Cruise aboard sub gives appreciation for Navy men's sacrifices

Neighbors

April 19, 1999|By Jeff Holland | Jeff Holland,SPECIAL TO THE SUN

I was one of a small group from Annapolis and Anne Arundel County who had the privilege of accompanying Mayor Dean L. Johnson on a cruise last week aboard the nuclear attack submarine USS Annapolis from Groton, on the Thames River in Connecticut, to the sub's namesake city.

The tour was arranged by the Navy League of Annapolis, the support group that "adopted" the vessel during a formal ceremony Friday morning. I'm no landlubber, but I had never sailed on a Navy ship bigger than an Academy YP, and outside of watching "The Hunt for Red October," I had no concept of what to expect.

We boarded the sub at the dock at the Groton submarine base, dropping through a hatch into a bewildering maze of passageways, ladders and stairs. It takes about nine days to find your way around the 380-foot boat; unfortunately, we were only on board for three.

The sub headed out of the Thames, running on the surface to about 100 miles offshore. That's about where the 100-fathom line marks an area deep enough to submerge safely.

Meanwhile, guests were herded into the officer's wardroom where we were given an orientation by Cmdr. Daniel Nylen, the commanding officer. He showed us a plan of the boat and told us that we could go pretty much anywhere, except for the area in the stern that houses the nuclear plant that powers the turbines.

Then we were shown the "heads," the nautical term for the bathrooms. These were stainless steel compartments with showers, wash basins, and tiny toilet stalls. We were given our berth assignments and shown to our "racks." A dozen or so lucky crewmen had been given liberty to provide room for us "riders." Racks are called racks because they allow crewmen to be stacked like pizzas in an oven.

Mine was way up in the bow and way up high, so I had to grab an overhead pipe, swing my feet up and vault into place. After all the gymnastics it takes to get up there, you aren't inclined to leave it for just anything.

But the meals weren't just anything.

Somehow they manage to serve four hearty meals a day to 130 hungry crewmen from a galley the size of most restaurants' walk-in refrigerators.

The last night out was pizza night. Mayor Johnson, Ward 7 Alderman Michael Fox, Severna Park resident Howard Pinsky and I all crowded into the galley to help make pizza for the crew out of mountains of dough, gallons of tomato sauce, huge mixing bowls piled high with grated cheese, and mounds of pepperoni, peppers, onions, mushrooms, sausages, and other ingredients.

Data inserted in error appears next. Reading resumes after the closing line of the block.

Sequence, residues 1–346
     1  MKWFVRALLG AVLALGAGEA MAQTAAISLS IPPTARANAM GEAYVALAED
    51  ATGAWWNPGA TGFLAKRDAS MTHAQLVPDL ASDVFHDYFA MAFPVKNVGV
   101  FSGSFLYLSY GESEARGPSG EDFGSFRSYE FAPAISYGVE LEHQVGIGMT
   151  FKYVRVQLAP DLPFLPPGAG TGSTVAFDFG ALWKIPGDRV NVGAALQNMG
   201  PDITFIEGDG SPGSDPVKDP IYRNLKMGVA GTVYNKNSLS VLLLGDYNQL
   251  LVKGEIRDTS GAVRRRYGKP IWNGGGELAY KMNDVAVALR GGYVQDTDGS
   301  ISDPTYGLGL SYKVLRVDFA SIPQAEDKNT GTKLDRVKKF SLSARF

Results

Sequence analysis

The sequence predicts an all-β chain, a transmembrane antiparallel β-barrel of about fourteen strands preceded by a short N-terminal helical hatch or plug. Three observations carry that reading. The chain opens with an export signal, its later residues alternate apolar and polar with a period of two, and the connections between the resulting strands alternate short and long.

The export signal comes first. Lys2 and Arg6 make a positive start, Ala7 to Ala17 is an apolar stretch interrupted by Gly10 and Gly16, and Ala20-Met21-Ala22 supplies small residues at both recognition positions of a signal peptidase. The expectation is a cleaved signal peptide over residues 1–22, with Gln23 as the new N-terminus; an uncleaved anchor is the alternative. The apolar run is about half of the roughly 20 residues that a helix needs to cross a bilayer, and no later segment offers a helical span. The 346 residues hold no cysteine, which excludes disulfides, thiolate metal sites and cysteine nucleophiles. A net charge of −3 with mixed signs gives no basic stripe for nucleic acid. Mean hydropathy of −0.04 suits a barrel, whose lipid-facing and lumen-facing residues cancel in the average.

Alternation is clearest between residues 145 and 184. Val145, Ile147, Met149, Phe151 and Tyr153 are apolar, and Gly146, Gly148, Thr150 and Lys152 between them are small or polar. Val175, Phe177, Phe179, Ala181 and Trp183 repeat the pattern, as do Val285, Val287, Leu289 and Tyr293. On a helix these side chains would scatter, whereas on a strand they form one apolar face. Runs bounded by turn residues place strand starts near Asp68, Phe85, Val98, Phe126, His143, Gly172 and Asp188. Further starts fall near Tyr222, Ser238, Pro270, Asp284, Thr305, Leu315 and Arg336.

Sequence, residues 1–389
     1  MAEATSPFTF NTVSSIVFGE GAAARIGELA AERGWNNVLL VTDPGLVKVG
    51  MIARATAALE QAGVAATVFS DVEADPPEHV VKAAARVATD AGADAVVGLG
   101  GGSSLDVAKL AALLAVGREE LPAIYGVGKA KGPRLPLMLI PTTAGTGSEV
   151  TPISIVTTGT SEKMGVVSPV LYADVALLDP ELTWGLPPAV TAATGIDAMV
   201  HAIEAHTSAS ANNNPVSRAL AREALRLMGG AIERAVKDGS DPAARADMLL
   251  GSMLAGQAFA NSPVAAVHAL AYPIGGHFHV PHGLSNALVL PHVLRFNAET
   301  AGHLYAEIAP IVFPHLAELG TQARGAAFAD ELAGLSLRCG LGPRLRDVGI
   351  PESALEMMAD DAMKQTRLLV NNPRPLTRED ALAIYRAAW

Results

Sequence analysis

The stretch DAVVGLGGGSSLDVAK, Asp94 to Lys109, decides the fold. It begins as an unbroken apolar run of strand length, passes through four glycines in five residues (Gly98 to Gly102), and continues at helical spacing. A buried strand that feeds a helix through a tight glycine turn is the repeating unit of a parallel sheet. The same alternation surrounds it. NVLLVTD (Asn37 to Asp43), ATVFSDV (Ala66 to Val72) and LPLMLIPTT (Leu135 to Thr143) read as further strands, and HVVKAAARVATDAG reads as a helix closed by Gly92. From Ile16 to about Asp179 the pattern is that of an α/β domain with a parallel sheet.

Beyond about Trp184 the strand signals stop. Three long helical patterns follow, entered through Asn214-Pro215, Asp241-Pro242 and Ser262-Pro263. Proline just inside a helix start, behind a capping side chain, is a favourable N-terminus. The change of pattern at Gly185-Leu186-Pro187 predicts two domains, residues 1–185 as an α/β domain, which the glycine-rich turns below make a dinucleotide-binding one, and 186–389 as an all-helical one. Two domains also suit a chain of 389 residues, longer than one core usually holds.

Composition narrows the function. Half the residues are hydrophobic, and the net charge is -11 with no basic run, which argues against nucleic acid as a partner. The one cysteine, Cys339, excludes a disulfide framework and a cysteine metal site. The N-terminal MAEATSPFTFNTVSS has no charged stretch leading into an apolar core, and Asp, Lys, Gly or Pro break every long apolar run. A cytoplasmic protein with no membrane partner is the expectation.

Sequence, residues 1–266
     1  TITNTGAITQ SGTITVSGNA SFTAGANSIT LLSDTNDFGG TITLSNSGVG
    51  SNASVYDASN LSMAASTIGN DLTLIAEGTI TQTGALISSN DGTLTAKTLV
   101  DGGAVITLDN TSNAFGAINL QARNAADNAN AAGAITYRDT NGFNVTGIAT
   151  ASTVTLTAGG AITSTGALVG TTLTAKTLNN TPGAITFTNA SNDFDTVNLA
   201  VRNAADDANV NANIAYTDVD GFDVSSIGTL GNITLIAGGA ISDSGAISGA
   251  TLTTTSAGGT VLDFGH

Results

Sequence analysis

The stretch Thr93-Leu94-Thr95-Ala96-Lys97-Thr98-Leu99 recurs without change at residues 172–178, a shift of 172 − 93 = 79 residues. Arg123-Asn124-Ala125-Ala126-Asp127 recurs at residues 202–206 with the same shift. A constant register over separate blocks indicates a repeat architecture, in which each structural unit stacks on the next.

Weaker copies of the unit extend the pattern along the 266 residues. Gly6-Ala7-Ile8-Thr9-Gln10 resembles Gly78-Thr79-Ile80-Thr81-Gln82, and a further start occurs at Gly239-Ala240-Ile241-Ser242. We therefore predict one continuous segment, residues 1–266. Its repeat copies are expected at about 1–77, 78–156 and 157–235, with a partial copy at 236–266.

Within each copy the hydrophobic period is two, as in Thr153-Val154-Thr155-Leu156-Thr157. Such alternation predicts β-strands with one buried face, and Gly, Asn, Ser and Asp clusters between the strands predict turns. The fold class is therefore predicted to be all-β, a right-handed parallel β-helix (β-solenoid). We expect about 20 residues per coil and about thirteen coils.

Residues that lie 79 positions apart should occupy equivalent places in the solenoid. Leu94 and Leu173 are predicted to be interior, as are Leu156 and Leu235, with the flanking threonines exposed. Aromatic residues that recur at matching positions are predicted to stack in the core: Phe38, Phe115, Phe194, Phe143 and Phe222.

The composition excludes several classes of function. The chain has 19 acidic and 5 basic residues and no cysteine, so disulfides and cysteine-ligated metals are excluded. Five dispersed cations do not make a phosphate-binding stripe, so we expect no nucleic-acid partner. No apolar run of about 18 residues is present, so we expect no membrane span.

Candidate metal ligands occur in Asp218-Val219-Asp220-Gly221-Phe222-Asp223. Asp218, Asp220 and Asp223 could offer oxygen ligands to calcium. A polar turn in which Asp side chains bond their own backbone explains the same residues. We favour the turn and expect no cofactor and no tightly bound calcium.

After the 20th pizza or so, we began to run out of sauce, so we started making "white" pizzas with extra cheese and secret ingredients discovered in the spice rack. These proved to be among the crew's favorite varieties.

We surfaced as we approached the mouth of the Chesapeake Bay and picked up the Maryland pilot who would guide the sub up the bay to Annapolis.

He was Annapolis resident John Colgan, who's been a member of the Association of Maryland Pilots for 26 years. He climbed to the bridge at the top of the "sail," the tower that supports the periscopes and the antennas.

"I love these things," he said. "I run freighters and tankers up and down this waterway all the time. But this is like riding a Harley up the bay!"

We riders crowded into the enlisted men's mess, a small room crammed with tables and benches, and watched the periscope images on the monitors. We knew we were close to home when we caught sight of Thomas Point Light.

USS Annapolis anchored in the depths off Kent Island, and I caught a ride home on the pilot boat.

Spending a couple of days with these dedicated young men gave me a real appreciation for the sacrifices they make to help keep our country's defenses strong.

They're away from their families for months at a time, routinely working 80 hours a week in crowded conditions where privacy is nil. They train constantly to be ready when they're called upon to defend America's interests. And they were delighted to show off their boat and answer all of their guests' dumb questions.

Like, "How deep can this submarine go?" "About 800 feet." "How fast can she run?" "About 25 knots." "How the heck do you flush this head?" "You'd better let me show you that, sir. "

Pub Date: 4/19/99

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